Tuesday, July 5, 2011

100 Books 34 - Iain M. Banks' CONSIDER PHLEBAS

Long have I been aware of Iain Banks, and Iain M. Banks (who are the same man, just publishing under slightly different names in slightly different genres) and his Culture novels, and lo has the wheel finally spun around to him. Almost I took up his The Wasp Factory, which I picked up on the basis of the title (I am perhaps known among you as a bit of an insect fancier), but since my short, happy reading of Alastair Reynolds' Troika last month, I've wanted more space opera and I didn't need the multitudes on Twitter to tell me that meant it was Culture time.

Like many of my fellow readers, I have more than a touch of sequential compulsion, by which I mean if I'm going to read (or watch) a series, I'm going to read it into the ground unless it gets really terrible, so I decided, if I was finally going to get me some Culture, I was going to start from the first book, and yes, I am aware that Consider Phlebas is not sequentially that first, merely the first written or published, but that works for me. Besides, there's the title.

I'm a T.S. Eliot fan. I'm such a T.S. Eliot fan I could drive you insane at a party. Go on. Give me a martini and ask me about The Waste Land and the many genre works that reference it (my favorite of same is Tim Powers' Last Call , which concerns the frenzied efforts of many pretenders to the American Fisher King's throne left abandoned in the wake of the death of Bugsy Siegel. You knew Siegel was more than just a gangster, didn't you? And you knew John Prine knew all about it, right? If not, drop what you're doing and go read that book STAT. You'll be very glad you did. Look. Those are pearls that were his eyes. Look!).

"Consider Phlebas", as anyone with the wit to use Wikipedia should already know, is a phrase from The Wasteland. Phlebas is the drowned Phoencian sailor the reader/listener sought via a pack of tarot cards; dead as Section IV starts, he is now a cautionary tale, a warning to others sailing on. "Gentile or Jew/O you who turn the wheel and look to windward/ Consider Phlebas, who was once handsome and tall as you." Pay attention, you doofus.

Several very interesting and intelligent articles exploring (or inventing, for yeah, a lot of them are a stretch) the parallels between Consider Phlebas and The Waste Land are out there waiting for you to Google them if you're interested. Mostly they focus on how Consider Phlebas' sort-of-protagonist, Horza, starts off the novel drowning and ends it on a sterile, dead planet that is indeed a waste land. Horza, they say, is both Phlebas and the Fisher King. It's interesting stuff, but it's really a distraction from both what is cool about this novel, and what is kind of disappointing. In defense of the parallelers, though, Horza's story (if it can be called any one being's story it is probably Horza's, but more or less by default) is a similar momento mori for others.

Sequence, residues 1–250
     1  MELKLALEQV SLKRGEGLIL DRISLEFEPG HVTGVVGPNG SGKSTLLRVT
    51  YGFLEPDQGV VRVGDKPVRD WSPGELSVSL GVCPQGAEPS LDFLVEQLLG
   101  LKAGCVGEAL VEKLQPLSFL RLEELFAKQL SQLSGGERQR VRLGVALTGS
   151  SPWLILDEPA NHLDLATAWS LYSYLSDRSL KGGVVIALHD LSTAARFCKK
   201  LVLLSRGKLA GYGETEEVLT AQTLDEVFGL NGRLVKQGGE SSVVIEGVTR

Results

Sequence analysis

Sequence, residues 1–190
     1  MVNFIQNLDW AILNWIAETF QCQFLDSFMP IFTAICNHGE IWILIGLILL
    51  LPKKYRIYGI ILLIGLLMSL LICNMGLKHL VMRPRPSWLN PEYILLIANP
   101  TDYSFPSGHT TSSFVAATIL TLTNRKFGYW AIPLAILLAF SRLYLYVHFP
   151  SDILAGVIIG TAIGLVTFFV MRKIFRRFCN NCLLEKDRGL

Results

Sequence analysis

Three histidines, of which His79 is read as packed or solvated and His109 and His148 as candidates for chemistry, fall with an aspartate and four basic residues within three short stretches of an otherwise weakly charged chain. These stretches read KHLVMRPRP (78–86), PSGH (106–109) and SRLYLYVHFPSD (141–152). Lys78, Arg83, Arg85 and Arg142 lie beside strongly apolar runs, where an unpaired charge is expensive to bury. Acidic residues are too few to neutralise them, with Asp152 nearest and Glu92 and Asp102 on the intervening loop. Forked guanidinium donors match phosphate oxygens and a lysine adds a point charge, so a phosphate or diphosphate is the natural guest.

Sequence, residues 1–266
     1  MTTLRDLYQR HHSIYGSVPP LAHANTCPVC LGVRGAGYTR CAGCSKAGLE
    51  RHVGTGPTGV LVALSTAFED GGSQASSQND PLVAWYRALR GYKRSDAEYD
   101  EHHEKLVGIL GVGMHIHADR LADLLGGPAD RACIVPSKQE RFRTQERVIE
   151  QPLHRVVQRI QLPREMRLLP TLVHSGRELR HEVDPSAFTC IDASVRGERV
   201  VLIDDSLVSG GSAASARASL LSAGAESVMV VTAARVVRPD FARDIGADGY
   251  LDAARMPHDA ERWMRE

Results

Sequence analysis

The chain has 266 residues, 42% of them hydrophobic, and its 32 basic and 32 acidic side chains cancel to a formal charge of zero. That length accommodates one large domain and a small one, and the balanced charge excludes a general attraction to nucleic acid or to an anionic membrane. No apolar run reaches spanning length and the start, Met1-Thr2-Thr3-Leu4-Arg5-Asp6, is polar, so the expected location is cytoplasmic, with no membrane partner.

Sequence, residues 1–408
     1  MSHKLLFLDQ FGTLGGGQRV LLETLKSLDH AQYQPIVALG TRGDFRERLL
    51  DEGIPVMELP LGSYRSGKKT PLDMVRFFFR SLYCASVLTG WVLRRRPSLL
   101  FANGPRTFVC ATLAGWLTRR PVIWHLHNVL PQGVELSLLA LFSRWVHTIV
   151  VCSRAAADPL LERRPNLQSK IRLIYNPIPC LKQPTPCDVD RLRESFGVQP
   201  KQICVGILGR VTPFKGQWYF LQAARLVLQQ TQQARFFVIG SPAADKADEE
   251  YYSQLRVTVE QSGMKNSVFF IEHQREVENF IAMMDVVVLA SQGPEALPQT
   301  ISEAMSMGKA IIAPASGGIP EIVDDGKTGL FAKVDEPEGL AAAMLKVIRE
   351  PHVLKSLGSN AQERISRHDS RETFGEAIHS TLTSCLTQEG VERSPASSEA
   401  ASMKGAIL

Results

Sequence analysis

In the Culture, Banks has created a fascinatingly decadent society, in which people are genetically modified to get high off the products of their own glands and in which scarcity is barely even a concept, so effectively have the means of production been mechanized. All the yucky stuff is handled by machines, and even big decision making is mostly carried out by super-intelligent, super-efficient, super-awesome artificial intelligences called Minds. Somehow, these Minds and machines never get tired of doing the grunt work and so have never turned against their human masters -- indeed, it would seem they regard their biological co-citizens as much like pets as like partners, but I'm not sure of this because we are seeing the Culture mostly from the outside in this novel, from the perspective of one of its enemies; Horza is an agent for a cranky alien race who can't stand the laissez faire disorder (and secularism) of the Culture and have declared war on it. As to why he chose to side with the aliens, well, as he declares at one point (after, I imagine, drawing himself up to full height, clearing his throat loudly to make sure all eyes are upon him and raising a Finger of Declamation to emphasize the great portentousness of what he is about to say), he disagrees with the Culture.

That's all. Just disagrees. As to what he disagrees with the Culture about, er, well. Yeah. We never really find that out. As such. Or if we do it's in one tiny internal monologue line I missed and can't be arsed to look for now because I find I don't care too much.